Smartmail Marketing™ increases the impact of your direct mail marketing

3 minute read

Canada Post Smartmail Marketing™ promises a more intelligent approach to direct mail. To learn what this means for marketers, we talked with Bill Gunton, Vice-President Marketing and Commercial Products at Canada Post.

Question: For those who haven’t heard of it until now, what is Smartmail Marketing™?

Bill Gunton: Smartmail Marketing™ is a new approach to direct mail that uses its most powerful attributes to amplify the impact of your marketing.

Q: What makes it different from direct mail?

BG: It’s a new way of thinking about how marketers use mail. We call it The Science of Activation because it combines three elements – physicality, data and connectivity – to create a message that’s more relevant and more engaging.

Q: Where did this new approach come from?

BG: We’re always talking with marketers. More and more, they were telling us that they’re seeing tweets, clicks, follows and so on, but online engagement hasn’t been converting to the sales they expect. Marketers may be well-versed on techniques for creating interaction, but in doing this, some have forgotten about tactics that drive action, like direct mail.

Technology is changing the context of direct mail. So we researched precisely how consumers relate to mail today. How do people interact with it? Why does it work? What makes one approach more effective than others? These are the answers that marketers are looking for.

Our whitepapers, Breaking Through the Noise and A Bias for Action, are available for download

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Q: What kind of research was involved?

BG: We had ethnographic experts look at how mail gets from the mailbox into a customer’s hands, and into their lives. This study combined with extensive international research in our white paper, Breaking Through the Noise.

We also had neuroscientists use brain-imaging to see how the mind reacts to direct mail. We could actually see how easy direct mail is to understand, and how persuasive it can be compared to similar messages sent through digital media. The study, A Bias for Action, revealed the differences between how physical and digital media impact the brain.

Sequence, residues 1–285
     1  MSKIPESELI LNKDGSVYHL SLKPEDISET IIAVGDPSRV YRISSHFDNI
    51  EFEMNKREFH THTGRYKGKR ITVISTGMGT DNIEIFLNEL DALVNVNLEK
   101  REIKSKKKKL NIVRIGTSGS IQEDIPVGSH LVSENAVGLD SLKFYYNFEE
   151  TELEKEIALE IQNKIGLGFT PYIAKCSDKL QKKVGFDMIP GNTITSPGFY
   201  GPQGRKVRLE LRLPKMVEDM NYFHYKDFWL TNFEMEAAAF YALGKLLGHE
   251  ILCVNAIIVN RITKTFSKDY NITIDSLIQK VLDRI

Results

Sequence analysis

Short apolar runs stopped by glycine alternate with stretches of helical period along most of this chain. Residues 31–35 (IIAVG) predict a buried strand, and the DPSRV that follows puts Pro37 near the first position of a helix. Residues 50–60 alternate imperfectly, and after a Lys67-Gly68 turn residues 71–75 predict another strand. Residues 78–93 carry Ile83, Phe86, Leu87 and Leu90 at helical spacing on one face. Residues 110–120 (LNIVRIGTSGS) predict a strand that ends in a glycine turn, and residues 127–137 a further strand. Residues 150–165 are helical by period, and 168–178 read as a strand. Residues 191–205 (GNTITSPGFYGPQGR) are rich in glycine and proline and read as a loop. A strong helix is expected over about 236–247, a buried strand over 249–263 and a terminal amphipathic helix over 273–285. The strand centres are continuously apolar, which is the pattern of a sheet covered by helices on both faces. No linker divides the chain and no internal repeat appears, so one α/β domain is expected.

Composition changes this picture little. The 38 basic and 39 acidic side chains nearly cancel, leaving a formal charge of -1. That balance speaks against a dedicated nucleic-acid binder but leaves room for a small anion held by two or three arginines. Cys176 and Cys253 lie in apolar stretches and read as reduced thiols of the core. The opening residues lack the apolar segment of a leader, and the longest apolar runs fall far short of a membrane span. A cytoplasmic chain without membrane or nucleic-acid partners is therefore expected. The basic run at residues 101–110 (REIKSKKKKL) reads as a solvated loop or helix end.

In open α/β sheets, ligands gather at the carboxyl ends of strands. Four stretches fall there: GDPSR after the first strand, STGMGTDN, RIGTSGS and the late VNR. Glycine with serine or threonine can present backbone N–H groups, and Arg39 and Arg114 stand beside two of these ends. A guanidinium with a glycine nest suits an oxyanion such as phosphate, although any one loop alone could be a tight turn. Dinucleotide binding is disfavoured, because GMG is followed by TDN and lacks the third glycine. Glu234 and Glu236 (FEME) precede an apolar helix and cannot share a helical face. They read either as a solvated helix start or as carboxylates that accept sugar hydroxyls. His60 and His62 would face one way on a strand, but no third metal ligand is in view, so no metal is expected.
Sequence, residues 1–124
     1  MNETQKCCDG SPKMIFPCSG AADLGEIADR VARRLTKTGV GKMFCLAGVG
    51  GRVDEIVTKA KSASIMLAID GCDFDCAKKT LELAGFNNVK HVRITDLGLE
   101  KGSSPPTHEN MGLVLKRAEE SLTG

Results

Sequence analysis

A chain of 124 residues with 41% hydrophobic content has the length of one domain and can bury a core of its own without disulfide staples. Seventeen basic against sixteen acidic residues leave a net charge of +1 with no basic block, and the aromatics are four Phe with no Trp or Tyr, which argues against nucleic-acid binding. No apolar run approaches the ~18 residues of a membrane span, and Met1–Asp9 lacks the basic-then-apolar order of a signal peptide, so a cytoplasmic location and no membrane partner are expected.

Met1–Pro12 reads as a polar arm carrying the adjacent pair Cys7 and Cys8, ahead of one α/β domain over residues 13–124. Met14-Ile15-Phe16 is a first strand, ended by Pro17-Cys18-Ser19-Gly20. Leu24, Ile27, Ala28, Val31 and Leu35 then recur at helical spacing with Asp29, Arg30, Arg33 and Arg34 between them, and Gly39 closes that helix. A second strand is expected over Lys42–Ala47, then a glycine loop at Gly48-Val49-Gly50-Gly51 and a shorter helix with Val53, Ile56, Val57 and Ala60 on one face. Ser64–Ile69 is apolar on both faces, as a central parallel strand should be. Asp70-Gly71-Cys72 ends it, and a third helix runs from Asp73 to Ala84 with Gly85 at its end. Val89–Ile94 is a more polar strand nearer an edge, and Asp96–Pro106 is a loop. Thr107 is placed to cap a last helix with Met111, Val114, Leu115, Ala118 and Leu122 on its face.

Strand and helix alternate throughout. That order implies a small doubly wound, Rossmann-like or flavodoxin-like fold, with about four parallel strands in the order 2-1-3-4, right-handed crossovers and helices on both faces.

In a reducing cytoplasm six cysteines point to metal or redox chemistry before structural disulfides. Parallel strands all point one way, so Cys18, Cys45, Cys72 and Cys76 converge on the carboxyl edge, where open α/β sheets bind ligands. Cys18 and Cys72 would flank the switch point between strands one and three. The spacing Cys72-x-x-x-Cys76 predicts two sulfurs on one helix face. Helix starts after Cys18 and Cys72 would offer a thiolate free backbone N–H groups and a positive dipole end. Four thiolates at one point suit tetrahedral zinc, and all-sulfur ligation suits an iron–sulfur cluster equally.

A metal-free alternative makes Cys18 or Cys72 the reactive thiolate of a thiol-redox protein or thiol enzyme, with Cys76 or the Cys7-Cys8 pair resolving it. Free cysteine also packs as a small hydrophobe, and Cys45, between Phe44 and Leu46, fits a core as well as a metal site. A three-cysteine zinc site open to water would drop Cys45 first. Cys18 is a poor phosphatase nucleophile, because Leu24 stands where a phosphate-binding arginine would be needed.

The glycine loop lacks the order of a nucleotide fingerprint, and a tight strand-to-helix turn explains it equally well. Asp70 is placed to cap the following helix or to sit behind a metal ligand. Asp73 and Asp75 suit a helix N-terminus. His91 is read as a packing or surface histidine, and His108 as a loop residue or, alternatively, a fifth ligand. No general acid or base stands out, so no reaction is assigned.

We also had neuroscientists use brain-imaging to see how the mind reacts to direct mail. We could actually see how easy direct mail is to understand, and how persuasive it can be compared to similar messages sent through digital media.

Q: Were there any research results that surprised you?

BG: The first study let us put numbers to what many marketers already instinctively know. I think we’ve all held onto direct mail that’s interesting, whether it’s takeout menus, catalogues, or flyers for home improvement services.

What I personally found fascinating were the insights from the neuroscience study. There’s sometimes a gap between what consumers say they think, and what they actually think. The brain imaging let us watch how physical materials are received differently. We could actually see why direct mail can be better at closing the marketing-sales loop.

What’s great about both of these studies is how current and relevant the information is. They look at direct mail in the context of today’s technology, and how DM is part of the mix.

Q: What’s changing about how we use mail now?

BG: Let’s come back to those three elements: physicality, data and connectivity. All three now have more to offer, and can be more integrated.

For example, some direct marketers say that sixty percent or more of your response comes down to your list, which is your data. If you consider just that, you might be content to send a catalogue to your best customers, and hope that it drives them to the website.

But data now includes information like recent purchases and wish lists. What if you used this information to send each one of your best customers a custom mini-catalogue, with items they selected themselves? Today’s digital printing makes it possible.

Near-field communications and QR codes turn a print catalogue into an online purchase with a quick tap on a smartphone. Whether you tie your direct mail to your website, or to an integrated campaign, your mailing can be connected to a much larger message.

Q: Now that Smartmail Marketing is out there, what do you see as the biggest changes coming to the mailbox?

BG: Technological innovation is just going to continue. I see this naturally extending to direct mail. There is an enormous opportunity for marketers to build connectivity through mail. Data is going to be playing an ever-increasing role. And I’m excited to see how marketers use new personalization technologies.

Canada Post is committed to staying at the forefront of these changes, making ongoing investments in products, services and education to help marketers solve the challenges they’re facing now, and in the future.

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